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Conflicting Claims in the Eurozone? Austerity’s Myopic Logic and the Need for a European Federal Union in a post-Keynesian Eurozone Center-Periphery Model

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  • Alberto Botta

    ()
    (Department of Political and Social Sciences, University of Pavia and Department of Law and Economics, Mediterranean University of Reggio Calabria)

Abstract

In this paper we analyze the role of the nowadays Eurozone institutional setup in fostering the ongoing peripheral Euro countries’ sovereign debt crisis. According to the Modern Money Theory, we stress that the lack of a federal European government running anti-cyclical fiscal policy, the loss of monetary sovereignty by Euro Member States and the lack of a lender-of-last-resort central bank has significantly contributed to generate, amplify and protract the present crisis. In particular, we present a post- Keynesian Eurozone center-periphery model through which we show how, due to the incomplete nature of Eurozone institutions with respect to a full-fledged federal union, diverging trends and conflicting claims have emerged between center and peripheral Euro countries in the aftermath of the 2007-2008 financial meltdown. We emphasize two points. (i) Diverging trends and conflicting claims among Euro countries may represent a decisive obstacle to reform Eurozone towards a complete federal entity. However, they may prove to be self-defeating in the long run should financial turbulences seriously deepen also in large peripheral countries. (ii) Austerity packages alone do not address the core point of the Eurozone crisis. They could have sense only if included in a much wider reform agenda, whose final purpose is the creation of a federal European government which can run expansionary fiscal stances and of a government banker. In this sense, the unlimited bond-buying program recently launched by the European Central Banks is interpreted as a positive although mild step in the right direction out of the extreme monetarism which has so far shaped Eurozone institutions.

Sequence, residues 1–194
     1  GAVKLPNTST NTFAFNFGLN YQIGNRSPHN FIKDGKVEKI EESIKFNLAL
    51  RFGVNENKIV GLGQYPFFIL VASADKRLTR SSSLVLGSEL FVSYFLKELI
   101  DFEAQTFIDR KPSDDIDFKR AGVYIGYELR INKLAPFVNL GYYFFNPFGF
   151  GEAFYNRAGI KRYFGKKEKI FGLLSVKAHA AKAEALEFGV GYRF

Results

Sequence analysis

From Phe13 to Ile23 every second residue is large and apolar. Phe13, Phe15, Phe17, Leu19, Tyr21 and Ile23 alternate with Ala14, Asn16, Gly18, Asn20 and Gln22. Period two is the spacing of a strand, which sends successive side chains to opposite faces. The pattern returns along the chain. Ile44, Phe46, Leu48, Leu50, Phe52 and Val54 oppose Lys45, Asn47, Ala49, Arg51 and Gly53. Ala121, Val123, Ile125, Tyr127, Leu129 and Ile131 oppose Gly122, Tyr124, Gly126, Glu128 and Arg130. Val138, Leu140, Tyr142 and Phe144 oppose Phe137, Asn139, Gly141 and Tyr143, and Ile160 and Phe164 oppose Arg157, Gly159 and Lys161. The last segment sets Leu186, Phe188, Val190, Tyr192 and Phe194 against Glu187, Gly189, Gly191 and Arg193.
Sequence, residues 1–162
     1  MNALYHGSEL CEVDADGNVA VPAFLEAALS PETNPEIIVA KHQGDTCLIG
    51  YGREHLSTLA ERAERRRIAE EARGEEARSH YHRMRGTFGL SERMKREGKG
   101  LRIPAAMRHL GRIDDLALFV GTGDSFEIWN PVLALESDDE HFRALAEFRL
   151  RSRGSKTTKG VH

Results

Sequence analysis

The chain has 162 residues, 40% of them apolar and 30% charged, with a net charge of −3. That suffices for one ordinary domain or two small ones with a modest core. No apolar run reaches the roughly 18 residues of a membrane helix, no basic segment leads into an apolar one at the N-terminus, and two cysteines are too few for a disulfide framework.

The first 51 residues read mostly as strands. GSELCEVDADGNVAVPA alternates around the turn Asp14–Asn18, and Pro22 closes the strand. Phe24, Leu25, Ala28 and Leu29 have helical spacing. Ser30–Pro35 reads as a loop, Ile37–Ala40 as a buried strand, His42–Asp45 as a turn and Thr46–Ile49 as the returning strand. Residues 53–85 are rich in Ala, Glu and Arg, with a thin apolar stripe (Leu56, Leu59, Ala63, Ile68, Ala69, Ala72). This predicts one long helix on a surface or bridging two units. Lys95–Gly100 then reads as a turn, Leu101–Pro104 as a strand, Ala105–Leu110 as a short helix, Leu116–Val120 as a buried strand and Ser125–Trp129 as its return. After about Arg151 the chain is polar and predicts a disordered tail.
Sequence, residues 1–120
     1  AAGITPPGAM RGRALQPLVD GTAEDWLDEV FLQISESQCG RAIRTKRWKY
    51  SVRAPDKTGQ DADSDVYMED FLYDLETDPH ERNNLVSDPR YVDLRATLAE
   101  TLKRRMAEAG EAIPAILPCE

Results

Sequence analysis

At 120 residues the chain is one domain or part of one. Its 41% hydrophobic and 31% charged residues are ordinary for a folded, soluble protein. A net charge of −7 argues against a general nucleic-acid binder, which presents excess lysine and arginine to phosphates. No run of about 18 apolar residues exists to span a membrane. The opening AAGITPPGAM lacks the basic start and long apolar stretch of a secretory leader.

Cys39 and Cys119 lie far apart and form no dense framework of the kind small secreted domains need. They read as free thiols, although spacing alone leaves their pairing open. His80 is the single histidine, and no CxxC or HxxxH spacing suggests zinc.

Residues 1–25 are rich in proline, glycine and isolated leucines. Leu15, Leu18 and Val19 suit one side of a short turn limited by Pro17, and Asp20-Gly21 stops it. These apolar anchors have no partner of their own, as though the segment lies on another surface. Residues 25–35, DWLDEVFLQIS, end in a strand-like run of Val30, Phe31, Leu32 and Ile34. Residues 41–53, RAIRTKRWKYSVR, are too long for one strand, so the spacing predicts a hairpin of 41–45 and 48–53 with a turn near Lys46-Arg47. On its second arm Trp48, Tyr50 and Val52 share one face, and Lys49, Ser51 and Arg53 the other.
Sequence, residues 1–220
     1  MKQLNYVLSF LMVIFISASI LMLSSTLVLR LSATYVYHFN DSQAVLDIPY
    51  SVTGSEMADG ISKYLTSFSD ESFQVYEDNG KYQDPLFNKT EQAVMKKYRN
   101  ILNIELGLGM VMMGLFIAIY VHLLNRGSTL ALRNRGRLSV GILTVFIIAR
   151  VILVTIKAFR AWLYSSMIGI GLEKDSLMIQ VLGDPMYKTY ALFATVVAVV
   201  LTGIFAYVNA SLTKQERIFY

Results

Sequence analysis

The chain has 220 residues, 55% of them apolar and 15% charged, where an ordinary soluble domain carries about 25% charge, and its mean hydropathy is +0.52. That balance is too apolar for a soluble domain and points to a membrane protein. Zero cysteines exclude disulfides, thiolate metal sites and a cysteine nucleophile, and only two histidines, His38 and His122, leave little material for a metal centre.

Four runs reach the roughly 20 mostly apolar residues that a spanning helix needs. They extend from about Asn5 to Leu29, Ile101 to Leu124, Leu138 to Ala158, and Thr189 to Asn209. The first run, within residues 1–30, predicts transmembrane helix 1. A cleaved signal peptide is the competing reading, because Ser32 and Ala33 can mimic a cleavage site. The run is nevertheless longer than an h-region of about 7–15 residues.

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File URL: http://economia.unipv.it/docs/dipeco/quad/ps/RePEc/pav/demwpp/DEMWP0011.pdf
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Bibliographic Info

Paper provided by University of Pavia, Department of Economics and Management in its series DEM Working Papers Series with number 011.

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Length: 31 pages
Date of creation: Oct 2012
Date of revision:
Handle: RePEc:pav:demwpp:demwp0011

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Keywords: Eurozone debt crisis; Modern money theory; post-Keynesian center-periphery model;

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  1. Eckhard Hein & Achim Truger & Till van Treeck, 2011. "The European Financial and Economic Crisis: Alternative Solutions from a (Post-) Keynesian Perspective," IMK Working Paper 9-2011, IMK at the Hans Boeckler Foundation, Macroeconomic Policy Institute.
  2. Dimitri B. Papadimitriou & L. Randall Wray, 2012. "Euroland's Original Sin," Economics Policy Note Archive 12-08, Levy Economics Institute.
  3. Thomas I. Palley, 2011. "Monetary Union Stability: The Need for a Government Banker and the Case for a European Public Finance Authority," IMK Working Paper 2-2011, IMK at the Hans Boeckler Foundation, Macroeconomic Policy Institute.
  4. Alan J. Auerbach, 2008. "Federal Budget Rules: The US Experience," NBER Working Papers 14288, National Bureau of Economic Research, Inc.
  5. Esteban Perez-Caldentey & Matias Vernengo, 2012. "The Euro Imbalances and Financial Deregulation: A Post-Keynesian Interpretation of the European Debt Crisis," Economics Working Paper Archive wp_702, Levy Economics Institute.
  6. Marc Lavoie, 2006. "A Post-Keynesian Amendment To The New Consensus On Monetary Policy," Metroeconomica, Wiley Blackwell, vol. 57(2), pages 165-192, 05.
  7. Jan Kregel, 2012. "Six Lessons from the Euro Crisis," Economics Policy Note Archive 12-10, Levy Economics Institute.
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Cited by:
  1. S. Devrim Yilmaz & Burak Saltoglu, 2013. "Why is it so Difficult and Complex to Solve the Euro Problem?," Centre for Growth and Business Cycle Research Discussion Paper Series 180, Economics, The Univeristy of Manchester.

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